You won't find it on rottentomatoes.com, but the guy who left the screening of Alien: Covenant ahead of me had a pretty good review of the movie:
"That … could not have been more obvious."
Agreed. Key elements of the movie's plot are completely predictable, an attribute that somehow coexists with the fact that the movie is often incomprehensible, despite the four-person team of writers hired to extract a meatball of coherence from the spaghetti of non sequiturs served up in the most recent Alien movie, Prometheus.
The writers engage in what is known as retcon, short for retroactive continuity, a puffed-up oxymoron (worse even than athleisure) that sounds like something your accountant produces in advance of an IRS audit.
Wikipedia defines it as the injection of new narrative information that changes our understanding of a story. We used to call this bull. Homer Simpson, in seeking to explain to Marge the 30 minutes he spent at the bar instead of the supermarket, might inject the "retcon" of a flat tire.
In any event, the writers have a daunting task. Prometheus, a prequel to the entire multi-movie Alien yarn, got lost explaining the origin of the aliens (called xenomorphs) and, for good measure, we humans.
The movie suggested both species were created by the Engineers, a humanoid race that produced the xenomorphs in a botched science experiment, and seeded human life on Earth by dropping their DNA kit into the ocean. (Humans as sea monkeys. Just add water.)
Many confused fans wanted to know why an Engineer, apparently creating the xenomorph race from scratch, would have a preexisting xenomorph sculpture in his lab.
But there are more basic questions. Why diminish the mystery of one of cinema's great horror icons with taxonomy – why give the creature a name at all?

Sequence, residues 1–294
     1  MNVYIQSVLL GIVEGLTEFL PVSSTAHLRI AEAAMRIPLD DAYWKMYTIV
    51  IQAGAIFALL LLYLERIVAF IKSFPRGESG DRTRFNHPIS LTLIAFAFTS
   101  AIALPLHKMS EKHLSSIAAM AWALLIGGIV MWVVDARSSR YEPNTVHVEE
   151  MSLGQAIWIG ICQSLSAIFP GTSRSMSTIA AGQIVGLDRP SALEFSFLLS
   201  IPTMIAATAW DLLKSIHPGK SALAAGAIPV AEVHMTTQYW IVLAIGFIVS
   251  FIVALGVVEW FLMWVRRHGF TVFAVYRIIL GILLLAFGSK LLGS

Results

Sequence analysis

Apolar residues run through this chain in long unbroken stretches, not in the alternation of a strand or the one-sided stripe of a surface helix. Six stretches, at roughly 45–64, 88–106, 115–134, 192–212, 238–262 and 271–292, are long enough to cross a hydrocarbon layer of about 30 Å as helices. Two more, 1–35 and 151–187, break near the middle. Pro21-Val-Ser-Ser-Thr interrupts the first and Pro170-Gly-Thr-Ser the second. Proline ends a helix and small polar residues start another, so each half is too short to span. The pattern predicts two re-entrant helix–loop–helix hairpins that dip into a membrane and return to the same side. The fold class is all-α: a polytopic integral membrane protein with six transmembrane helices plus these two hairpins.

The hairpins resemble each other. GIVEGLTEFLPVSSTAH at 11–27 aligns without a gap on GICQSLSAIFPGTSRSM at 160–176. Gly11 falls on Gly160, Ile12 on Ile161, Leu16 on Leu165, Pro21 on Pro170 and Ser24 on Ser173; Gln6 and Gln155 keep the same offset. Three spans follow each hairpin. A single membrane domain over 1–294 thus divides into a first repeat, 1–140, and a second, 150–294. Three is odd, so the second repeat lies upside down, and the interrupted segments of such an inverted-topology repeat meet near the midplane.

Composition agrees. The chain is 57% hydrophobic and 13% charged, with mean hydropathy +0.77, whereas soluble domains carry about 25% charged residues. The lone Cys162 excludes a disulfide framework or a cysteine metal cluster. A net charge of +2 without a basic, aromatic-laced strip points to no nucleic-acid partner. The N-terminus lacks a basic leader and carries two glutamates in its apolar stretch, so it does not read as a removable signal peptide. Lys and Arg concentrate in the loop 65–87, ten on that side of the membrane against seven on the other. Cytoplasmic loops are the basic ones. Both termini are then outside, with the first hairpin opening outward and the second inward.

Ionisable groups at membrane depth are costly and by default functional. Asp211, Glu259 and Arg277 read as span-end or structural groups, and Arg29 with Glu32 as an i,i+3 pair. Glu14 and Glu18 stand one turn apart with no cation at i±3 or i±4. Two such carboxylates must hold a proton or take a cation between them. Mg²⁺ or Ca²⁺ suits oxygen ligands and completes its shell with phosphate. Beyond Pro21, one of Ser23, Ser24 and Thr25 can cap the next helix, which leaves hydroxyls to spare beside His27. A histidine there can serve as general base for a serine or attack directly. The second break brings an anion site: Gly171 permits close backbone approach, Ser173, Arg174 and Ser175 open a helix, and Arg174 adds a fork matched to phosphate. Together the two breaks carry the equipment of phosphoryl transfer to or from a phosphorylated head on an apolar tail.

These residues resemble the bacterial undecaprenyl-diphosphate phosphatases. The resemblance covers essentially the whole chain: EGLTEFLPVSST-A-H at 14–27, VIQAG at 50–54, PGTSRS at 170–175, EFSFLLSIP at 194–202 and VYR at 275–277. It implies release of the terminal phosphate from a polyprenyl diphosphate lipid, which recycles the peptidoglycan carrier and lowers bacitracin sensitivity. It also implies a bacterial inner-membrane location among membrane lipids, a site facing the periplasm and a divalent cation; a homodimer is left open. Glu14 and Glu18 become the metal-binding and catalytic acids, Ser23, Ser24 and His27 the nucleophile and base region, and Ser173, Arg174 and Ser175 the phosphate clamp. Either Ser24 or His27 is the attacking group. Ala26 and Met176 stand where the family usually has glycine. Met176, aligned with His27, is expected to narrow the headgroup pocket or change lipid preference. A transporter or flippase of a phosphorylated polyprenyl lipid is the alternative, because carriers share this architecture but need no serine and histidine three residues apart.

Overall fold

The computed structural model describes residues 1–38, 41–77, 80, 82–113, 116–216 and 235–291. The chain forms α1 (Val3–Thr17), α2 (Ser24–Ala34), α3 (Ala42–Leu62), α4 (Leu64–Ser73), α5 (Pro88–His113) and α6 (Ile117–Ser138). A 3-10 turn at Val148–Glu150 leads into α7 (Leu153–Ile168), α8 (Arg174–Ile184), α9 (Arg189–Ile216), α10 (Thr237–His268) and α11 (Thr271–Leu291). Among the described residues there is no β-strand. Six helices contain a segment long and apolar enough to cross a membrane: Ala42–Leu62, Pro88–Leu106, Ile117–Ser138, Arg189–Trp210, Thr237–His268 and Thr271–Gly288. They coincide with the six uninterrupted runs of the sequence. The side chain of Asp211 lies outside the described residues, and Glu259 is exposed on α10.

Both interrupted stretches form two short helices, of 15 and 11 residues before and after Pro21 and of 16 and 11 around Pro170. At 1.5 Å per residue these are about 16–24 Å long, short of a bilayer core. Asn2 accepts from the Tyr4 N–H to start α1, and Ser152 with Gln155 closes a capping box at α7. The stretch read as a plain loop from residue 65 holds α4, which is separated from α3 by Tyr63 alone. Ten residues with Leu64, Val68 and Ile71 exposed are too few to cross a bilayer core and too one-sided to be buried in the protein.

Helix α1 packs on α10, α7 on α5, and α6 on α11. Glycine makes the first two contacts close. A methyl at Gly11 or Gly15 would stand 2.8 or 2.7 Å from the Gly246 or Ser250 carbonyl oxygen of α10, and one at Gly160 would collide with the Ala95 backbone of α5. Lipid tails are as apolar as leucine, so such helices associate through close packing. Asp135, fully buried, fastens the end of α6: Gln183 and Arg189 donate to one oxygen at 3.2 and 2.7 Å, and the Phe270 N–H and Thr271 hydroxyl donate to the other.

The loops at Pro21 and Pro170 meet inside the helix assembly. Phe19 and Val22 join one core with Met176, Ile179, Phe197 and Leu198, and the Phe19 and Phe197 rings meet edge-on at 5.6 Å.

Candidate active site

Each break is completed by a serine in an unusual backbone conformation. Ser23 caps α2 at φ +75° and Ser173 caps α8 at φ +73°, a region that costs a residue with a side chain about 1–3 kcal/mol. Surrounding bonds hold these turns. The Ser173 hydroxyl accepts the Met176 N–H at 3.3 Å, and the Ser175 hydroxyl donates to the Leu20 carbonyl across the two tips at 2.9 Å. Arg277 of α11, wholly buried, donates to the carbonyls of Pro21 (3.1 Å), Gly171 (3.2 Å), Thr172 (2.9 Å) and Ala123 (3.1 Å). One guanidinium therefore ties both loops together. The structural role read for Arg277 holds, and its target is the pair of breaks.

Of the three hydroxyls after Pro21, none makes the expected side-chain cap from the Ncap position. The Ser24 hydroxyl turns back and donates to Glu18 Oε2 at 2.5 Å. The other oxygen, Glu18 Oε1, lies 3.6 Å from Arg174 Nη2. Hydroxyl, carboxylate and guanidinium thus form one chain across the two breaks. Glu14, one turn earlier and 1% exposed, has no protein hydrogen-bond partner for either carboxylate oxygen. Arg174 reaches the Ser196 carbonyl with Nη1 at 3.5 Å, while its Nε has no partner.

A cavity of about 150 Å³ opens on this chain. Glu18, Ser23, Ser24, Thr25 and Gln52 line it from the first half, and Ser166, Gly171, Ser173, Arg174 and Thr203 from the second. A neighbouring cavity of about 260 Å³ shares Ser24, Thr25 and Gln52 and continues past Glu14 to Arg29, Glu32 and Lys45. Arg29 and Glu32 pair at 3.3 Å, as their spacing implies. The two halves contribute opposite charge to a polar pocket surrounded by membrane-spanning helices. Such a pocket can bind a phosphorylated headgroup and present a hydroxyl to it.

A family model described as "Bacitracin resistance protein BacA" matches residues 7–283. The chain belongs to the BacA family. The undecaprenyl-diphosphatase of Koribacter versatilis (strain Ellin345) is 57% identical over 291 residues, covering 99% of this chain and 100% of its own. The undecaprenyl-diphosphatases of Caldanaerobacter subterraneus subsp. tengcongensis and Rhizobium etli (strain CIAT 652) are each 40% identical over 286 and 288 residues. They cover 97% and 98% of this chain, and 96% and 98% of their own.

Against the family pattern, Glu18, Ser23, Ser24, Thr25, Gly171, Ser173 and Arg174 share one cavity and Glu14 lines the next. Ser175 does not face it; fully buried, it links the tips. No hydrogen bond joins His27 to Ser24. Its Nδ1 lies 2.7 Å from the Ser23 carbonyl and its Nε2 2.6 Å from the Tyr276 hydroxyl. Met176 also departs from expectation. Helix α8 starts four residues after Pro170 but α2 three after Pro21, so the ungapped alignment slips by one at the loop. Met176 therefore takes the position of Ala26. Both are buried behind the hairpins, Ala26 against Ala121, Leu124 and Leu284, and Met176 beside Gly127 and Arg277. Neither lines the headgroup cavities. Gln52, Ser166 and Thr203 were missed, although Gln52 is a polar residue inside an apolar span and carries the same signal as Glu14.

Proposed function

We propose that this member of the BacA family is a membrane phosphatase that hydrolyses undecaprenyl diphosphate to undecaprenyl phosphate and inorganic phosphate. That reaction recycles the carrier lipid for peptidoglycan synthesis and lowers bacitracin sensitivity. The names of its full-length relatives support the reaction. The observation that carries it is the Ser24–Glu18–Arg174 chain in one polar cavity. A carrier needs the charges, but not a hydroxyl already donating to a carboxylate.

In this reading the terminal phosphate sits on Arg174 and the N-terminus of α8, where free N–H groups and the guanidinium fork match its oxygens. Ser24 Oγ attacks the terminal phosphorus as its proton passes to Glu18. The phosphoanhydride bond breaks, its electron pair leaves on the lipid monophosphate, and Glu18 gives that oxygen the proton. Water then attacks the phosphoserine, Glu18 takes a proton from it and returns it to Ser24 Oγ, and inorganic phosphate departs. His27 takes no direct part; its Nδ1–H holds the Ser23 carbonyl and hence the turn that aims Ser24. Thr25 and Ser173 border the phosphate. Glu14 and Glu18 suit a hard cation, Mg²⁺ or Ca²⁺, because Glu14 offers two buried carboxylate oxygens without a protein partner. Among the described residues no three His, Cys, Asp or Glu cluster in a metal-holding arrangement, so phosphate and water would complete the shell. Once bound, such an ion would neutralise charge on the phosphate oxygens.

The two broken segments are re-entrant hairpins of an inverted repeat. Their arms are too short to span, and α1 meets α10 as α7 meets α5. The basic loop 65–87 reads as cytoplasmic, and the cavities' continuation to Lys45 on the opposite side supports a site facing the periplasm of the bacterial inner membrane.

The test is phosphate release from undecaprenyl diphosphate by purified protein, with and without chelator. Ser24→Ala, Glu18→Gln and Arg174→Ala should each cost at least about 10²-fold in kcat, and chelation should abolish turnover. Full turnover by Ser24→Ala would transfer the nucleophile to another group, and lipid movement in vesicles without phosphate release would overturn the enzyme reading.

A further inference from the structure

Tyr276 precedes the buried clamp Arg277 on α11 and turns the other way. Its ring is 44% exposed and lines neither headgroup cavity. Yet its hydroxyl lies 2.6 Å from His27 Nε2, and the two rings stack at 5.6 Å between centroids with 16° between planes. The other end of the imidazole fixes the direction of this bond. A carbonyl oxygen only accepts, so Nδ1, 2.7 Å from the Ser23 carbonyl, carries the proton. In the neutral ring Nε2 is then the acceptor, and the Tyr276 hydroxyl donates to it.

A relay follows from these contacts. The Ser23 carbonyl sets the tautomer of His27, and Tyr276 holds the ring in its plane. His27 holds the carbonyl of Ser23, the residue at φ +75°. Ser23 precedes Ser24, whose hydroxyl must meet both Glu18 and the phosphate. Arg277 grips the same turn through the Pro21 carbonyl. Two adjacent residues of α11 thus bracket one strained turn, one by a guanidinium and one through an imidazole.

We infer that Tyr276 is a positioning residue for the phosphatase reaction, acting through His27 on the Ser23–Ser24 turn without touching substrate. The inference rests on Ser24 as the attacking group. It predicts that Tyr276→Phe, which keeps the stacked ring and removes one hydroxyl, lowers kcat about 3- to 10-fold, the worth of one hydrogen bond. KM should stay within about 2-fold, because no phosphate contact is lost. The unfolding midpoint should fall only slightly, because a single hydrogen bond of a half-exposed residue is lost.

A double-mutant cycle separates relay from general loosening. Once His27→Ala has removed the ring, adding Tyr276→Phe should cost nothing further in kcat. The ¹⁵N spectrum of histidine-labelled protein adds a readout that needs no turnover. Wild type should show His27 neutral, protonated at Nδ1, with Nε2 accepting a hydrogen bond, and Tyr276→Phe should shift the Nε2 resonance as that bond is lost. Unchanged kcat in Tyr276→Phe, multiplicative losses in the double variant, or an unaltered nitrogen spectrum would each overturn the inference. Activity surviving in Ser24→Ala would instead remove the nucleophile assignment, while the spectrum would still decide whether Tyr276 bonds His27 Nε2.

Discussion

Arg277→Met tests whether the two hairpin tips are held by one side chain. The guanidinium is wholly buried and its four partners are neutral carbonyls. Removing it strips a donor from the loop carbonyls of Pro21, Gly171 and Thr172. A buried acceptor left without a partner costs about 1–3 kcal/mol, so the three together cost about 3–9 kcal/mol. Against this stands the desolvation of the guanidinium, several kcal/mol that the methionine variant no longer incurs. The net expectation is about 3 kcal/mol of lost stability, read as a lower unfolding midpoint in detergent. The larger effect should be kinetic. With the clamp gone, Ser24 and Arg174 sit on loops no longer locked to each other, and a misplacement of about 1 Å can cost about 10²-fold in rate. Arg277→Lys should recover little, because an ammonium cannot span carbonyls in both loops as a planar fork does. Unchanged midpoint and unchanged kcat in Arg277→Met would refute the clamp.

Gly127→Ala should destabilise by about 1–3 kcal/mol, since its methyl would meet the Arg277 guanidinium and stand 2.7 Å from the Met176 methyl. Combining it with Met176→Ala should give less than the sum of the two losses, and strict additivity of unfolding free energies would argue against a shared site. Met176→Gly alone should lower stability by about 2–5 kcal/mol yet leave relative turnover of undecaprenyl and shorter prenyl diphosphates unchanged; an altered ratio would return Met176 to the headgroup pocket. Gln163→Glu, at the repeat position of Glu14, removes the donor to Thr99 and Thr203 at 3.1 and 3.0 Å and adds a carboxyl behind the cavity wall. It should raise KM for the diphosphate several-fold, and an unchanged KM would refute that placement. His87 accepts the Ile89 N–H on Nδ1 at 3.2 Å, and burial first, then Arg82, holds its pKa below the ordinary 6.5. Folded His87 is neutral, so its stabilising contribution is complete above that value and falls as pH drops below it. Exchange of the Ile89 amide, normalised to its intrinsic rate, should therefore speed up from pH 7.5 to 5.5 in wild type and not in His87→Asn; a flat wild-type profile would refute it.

Or a ponderous backstory?
Alien ranks as one of the great horror movies of all time because of what we do not know about the title character. The movie was about Sigourney Weaver's last-woman-standing resourcefulness and grit in the face of the unknowable and unkillable — it's what makes her heroic.
The Weaver stand-in here is Katherine Waterston, second in command (to Billy Crudup) of a spaceship taking human colonists to a habitable planet. The ship is diverted to investigate transmissions (John Denver!) from another planet, lush with plants, devoid of animal life, littered with the remains of a dead civilization.
Scott has offered Covenant as an apology to fans who wanted more xenomorphs and more gore, and all that stuff is there in abundance. Most characters (the cast includes Danny McBride and a returning Michael Fassbender) are flagrantly expendable. They exist to perish, and do so with none of the white-knuckle engagement that accompanied Alien and James Cameron's Aliens.
There is carnage, the pseudo-spiritual pretentiousness of Prometheus, then an ending that announces itself, loudly, midway through the picture, the moment all the planet's inhabitants are fully accounted for. There is no way to miss the arc of this Covenant.
Scott plans more of these, but this retcon job has gone on long enough.
Sir Ridley: How about a sequel to Gladiator?
Directed by: Ridley Scott. With: Katherine Waterston, Billy Crudup, Danny McBride, Michael Fassbender. Distributed by: 20th Century Fox.
Parent's guide: R (violence, nudity, grossness).
Running time: 2 hours, 2 minutes.